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Phenomenon: Northern Lights

The science behind the sky's natural fireworks display–and how to see it.

Dream of seeing the aurora borealis, but can’t afford a trip to the Arctic Circle? Try Minnesota’s Boundary Waters. The aurora is visible in the Lower 48 several times each year, usually in northern states during the spring. Dark and mild March and April nights are the best for viewing the display; that’s when the Earth’s seasonal tilt aligns the magnetic field to capture more of the solar radiation that creates the glow. Here’s how the sun lights up the night sky, and where you can see it.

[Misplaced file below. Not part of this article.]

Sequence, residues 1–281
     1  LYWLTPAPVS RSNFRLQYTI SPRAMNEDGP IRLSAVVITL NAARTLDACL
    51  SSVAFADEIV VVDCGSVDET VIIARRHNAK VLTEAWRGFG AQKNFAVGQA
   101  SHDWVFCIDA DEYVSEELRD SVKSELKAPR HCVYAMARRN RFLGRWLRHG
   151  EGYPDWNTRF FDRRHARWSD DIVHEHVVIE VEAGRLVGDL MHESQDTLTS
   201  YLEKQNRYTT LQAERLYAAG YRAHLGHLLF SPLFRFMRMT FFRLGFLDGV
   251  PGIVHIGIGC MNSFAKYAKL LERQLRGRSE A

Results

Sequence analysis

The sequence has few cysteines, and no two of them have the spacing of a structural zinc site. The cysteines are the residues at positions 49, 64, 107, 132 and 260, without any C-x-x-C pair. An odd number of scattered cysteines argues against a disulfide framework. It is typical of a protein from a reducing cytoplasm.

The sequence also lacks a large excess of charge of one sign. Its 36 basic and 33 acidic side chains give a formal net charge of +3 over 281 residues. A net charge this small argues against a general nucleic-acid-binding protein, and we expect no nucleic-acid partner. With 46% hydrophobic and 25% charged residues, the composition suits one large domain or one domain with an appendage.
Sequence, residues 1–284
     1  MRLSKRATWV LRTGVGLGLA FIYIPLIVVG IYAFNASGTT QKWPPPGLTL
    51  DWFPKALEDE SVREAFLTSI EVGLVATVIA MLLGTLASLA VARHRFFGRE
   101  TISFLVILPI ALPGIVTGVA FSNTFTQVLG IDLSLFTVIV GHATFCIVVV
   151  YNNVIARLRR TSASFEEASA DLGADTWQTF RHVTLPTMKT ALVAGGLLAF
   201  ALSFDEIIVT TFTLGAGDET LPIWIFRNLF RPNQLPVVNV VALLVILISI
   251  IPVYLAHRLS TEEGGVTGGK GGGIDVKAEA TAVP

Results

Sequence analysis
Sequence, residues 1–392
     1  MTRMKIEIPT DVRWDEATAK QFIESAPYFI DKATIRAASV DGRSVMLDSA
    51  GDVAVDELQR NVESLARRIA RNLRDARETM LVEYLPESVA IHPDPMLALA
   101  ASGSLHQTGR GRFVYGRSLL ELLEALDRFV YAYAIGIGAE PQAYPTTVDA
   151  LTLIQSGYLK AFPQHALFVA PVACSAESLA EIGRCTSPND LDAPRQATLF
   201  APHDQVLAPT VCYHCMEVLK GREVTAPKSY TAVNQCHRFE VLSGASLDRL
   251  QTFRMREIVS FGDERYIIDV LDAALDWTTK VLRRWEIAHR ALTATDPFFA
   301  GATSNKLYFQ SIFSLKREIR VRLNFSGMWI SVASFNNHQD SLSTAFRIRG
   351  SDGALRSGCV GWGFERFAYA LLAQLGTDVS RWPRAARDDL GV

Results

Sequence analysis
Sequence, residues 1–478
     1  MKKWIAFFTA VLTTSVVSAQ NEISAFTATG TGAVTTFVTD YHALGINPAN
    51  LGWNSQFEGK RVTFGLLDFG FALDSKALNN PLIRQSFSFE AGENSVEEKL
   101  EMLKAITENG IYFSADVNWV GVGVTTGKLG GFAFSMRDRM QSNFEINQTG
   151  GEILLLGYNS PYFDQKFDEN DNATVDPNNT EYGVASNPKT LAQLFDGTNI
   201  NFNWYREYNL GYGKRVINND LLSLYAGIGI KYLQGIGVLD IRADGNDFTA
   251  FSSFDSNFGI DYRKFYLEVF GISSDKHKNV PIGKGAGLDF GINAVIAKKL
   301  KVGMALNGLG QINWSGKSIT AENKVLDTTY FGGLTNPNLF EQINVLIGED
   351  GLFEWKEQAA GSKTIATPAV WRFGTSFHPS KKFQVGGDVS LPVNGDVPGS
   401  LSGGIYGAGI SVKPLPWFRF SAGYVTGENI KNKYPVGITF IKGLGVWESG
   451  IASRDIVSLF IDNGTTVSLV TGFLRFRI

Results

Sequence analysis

(1) Violent storms on the sun’s surface (the corona) expel a high-velocity stream of charged subatomic particles known as solar wind. The frequency of these storms fluctuates according to 11-year solar cycles, which began intensifying this spring towards a predicted peak in 2011-12.

(2) When solar wind nears the Earth, the powerful (and potentially harmful) particles are deflected by our planet’s magnetic field–but not before the protective sheath absorbs some of their energy. As these gases move through the Earth’s magnetosphere, they are sucked towards the north and south poles like water down a drain.

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